Article Text

Download PDFPDF

Care bundles for acute kidney injury: a balanced accounting of the impact of implementation in an acute medical unit
  1. Rachael Logan1,
  2. Peter Davey1,
  3. Alison Davie2,
  4. Suzanne Grant3,
  5. Vicki Tully1,
  6. Achyut Valluri4,
  7. Samira Bell3,5
  1. 1School of Medicine, University of Dundee, Dundee, United Kingdom
  2. 2NHS Tayside, Dundee, United Kingdom
  3. 3Division of Population Health and Genomics, University of Dundee, Dundee, United Kingdom
  4. 4Acute Medical Unit, NHS Tayside, Dundee, United Kigdom
  5. 5Renal Unit, NHS Tayside, Dundee, United Kingdom
  1. Correspondence to Dr Samira Bell; samira.bell{at}nhs.net

Abstract

In 2009, a National Confidential Enquiry into Patient Outcome and Death report detailed significant shortcomings in recognition and management of patients with acute kidney injury (AKI). As part of a national collaborative to reduce harm from AKI, the Scottish Patient Safety Programme developed two care bundles to improve response (‘SHOUT’) and review (‘BUMP’) of AKI.

Baseline data from eight patients with AKI on the acute medical unit (AMU) in Ninewells Hospital showed 62% compliance with SHOUT. However, most patients were transferred from AMU within 24 hours so BUMP could not be assessed. Our aim was to achieve >95% compliance with SHOUT on AMU within 2 months. The content of the SHOUT bundle was condensed onto a sticker for the case notes, which was implemented using Plan-Do-Study-Act cycles. Compliance was assessed weekly and feedback obtained from stakeholders concerning their opinion of the sticker, SHOUT bundle and care bundles in general.

Use of the sticker was 27% in week 1 but fell to 5% by week 4. Compliance with the bundle varied from 45% to 60% and was only slightly improved by use of the sticker (OR 1.58, 95% CI 0.39 to 6.42). Staff found the sticker burdensome and did not agree that all elements of SHOUT were equally important. This opinion was supported by finding that their compliance with sepsis and hypovolaemia recommendations was 91%–100% throughout, whereas urinalysis was documented in only 55%–63% of patients. Several staff mentioned ‘bundle fatigue’ and on one day we identified 22 other care bundles or structured improvement forms in AMU.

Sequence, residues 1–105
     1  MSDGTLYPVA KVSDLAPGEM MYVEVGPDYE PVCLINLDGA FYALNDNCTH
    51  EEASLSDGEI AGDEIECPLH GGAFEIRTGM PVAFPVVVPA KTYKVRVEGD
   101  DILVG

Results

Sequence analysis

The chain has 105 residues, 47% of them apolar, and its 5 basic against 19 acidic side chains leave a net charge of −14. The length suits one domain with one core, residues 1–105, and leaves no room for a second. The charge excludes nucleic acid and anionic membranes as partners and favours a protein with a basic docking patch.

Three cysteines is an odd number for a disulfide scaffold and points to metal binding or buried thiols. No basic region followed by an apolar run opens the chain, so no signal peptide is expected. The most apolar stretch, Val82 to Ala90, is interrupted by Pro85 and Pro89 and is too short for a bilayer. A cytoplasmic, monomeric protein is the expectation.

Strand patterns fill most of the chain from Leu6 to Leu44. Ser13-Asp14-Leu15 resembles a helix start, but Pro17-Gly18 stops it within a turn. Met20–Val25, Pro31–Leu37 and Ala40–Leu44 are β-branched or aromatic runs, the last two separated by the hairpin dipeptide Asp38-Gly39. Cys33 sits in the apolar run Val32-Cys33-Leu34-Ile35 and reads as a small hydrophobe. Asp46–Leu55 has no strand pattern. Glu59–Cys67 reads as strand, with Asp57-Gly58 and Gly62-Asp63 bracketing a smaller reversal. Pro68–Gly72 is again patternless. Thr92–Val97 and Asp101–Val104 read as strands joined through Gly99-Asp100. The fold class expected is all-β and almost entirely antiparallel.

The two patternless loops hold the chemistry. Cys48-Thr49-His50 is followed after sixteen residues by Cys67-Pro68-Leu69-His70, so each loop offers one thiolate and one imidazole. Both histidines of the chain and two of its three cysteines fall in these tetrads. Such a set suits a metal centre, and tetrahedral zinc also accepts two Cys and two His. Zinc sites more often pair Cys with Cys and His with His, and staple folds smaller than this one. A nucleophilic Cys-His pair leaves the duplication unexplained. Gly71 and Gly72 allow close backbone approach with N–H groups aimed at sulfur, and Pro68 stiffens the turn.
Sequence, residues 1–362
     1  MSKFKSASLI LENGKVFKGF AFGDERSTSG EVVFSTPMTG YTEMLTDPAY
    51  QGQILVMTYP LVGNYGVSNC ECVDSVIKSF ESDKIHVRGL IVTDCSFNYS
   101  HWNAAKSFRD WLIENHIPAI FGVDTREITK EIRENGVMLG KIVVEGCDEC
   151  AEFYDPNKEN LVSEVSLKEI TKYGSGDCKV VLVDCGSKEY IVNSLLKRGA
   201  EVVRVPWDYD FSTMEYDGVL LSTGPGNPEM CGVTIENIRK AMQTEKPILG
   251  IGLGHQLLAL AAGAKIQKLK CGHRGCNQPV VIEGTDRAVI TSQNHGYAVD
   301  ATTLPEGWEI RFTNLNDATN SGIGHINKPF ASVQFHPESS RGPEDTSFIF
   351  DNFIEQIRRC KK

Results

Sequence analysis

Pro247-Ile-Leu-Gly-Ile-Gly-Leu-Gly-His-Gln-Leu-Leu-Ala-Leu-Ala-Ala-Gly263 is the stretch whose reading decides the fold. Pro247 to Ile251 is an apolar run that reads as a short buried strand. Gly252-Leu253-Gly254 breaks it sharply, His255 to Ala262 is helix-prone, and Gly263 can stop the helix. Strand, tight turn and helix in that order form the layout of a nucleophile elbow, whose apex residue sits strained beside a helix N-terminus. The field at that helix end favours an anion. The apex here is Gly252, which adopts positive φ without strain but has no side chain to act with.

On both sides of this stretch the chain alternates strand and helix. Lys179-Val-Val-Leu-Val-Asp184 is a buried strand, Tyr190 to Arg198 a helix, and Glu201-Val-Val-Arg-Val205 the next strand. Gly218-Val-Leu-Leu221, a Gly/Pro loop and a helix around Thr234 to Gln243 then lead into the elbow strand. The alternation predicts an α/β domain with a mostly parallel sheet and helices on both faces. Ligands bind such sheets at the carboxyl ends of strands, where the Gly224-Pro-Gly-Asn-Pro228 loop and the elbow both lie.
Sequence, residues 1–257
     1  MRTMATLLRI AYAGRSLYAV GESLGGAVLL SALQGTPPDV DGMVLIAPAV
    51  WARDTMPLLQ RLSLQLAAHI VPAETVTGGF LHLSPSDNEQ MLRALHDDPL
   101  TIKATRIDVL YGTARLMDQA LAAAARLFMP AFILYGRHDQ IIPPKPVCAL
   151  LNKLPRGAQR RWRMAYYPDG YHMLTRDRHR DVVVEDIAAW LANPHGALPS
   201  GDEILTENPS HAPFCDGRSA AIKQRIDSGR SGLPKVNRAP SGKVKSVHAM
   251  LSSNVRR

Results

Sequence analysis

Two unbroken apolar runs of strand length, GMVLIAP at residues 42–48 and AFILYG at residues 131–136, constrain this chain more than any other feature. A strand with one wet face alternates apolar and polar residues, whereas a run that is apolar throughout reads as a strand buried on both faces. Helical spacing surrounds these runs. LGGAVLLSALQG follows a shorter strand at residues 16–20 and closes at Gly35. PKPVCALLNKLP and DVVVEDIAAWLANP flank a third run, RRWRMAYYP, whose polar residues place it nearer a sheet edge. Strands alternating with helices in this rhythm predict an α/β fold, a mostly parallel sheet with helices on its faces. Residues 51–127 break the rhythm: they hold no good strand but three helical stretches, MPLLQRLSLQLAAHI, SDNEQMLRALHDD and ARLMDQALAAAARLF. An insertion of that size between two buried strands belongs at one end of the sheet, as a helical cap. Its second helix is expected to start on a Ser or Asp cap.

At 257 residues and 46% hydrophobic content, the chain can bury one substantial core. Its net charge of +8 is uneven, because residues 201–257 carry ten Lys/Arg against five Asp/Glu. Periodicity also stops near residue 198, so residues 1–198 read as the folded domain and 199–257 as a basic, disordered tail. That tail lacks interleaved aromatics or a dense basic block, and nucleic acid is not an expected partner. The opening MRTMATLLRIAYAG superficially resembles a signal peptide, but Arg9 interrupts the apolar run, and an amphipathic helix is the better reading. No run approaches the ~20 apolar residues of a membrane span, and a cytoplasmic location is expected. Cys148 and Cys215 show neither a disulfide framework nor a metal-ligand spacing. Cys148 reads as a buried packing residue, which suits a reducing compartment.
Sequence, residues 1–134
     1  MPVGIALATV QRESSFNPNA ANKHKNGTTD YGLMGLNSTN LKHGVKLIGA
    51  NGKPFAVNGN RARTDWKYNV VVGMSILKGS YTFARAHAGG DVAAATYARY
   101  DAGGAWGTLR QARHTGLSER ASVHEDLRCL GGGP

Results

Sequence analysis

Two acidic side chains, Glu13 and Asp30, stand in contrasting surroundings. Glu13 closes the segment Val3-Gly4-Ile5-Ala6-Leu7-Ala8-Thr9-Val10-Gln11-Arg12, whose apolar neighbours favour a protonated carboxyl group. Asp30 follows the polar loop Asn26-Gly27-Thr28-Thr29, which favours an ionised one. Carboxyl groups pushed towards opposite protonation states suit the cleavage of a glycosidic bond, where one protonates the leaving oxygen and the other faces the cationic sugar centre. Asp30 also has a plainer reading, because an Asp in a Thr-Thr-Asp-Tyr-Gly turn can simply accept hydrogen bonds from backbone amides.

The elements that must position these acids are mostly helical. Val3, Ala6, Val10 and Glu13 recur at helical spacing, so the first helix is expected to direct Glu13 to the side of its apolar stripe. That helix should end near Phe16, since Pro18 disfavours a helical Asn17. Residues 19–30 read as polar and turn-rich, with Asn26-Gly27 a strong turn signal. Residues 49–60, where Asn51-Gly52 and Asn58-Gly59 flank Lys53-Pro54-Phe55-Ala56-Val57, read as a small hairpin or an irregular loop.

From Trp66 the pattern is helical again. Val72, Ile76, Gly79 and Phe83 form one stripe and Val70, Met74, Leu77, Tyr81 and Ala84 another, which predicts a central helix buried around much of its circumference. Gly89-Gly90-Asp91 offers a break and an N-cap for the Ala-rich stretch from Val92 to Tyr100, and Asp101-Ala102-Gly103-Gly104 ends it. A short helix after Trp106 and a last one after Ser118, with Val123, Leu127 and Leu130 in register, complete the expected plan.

We concluded that the AMU staff had legitimate concerns about the SHOUT care bundle and that our intervention was demotivating. Overcoming bundle fatigue will not be a simple task. We plan to work with staff on integrating AKI into patient safety huddles and on using modelling and recognition of good practice to improve motivation.

  • pdsa
  • quality improvement
  • checklists

This is an open access article distributed in accordance with the Creative Commons Attribution Non Commercial (CC BY-NC 4.0) license, which permits others to distribute, remix, adapt, build upon this work non-commercially, and license their derivative works on different terms, provided the original work is properly cited, appropriate credit is given, any changes made indicated, and the use is non-commercial. See: http://creativecommons.org/licenses/by-nc/4.0/.

View Full Text

Statistics from Altmetric.com

Footnotes

  • Patient consent for publication Not required.

  • Contributors RL was involved in the collection of data, developing the care bundle and liaising with the AMU team throughout the improvement project. She was also responsible for writing the first draft of the manuscript. SB was responsible for approving and developing the care bundle, liaising with the Scottish Patient Safety Programme, AMU and renal team and was the clinical supervisor for RL throughout the project. Middle authors are in alphabetical order by surname and all made equally important contributions to interpretation of results and to writing subsequent drafts of the manuscript. PD was the academic supervisor for RL and took a lead role in balanced accounting of the intervention and interpreting results about barriers to change. AD and VT were responsible for assisting with developing a sound quality improvement methodology for implementing the intervention. AD also liaised with SPSP throughout the project. SG is leading research on Video Reflexive Ethnography on the AMU and was responsible for interpreting the results in the context of understanding complex adaptive systems. AV acted as the primary contact for the AMU team and conveyed their feedback throughout the project, as well as providing assistance for implementing the intervention. All authors critically revised the manuscript for important intellectual content, gave their final approval of the version to be published and agree to be accountable for all aspects of the work. RL conducted this work as part of a BMSc in Healthcare Improvement at the University of Dundee.

  • Funding The authors have not declared a specific grant for this research from any funding agency in the public, commercial or not-for-profit sectors.

  • Competing interests None declared.

  • Provenance and peer review Not commissioned; externally peer reviewed.

Request Permissions

If you wish to reuse any or all of this article please use the link below which will take you to the Copyright Clearance Center’s RightsLink service. You will be able to get a quick price and instant permission to reuse the content in many different ways.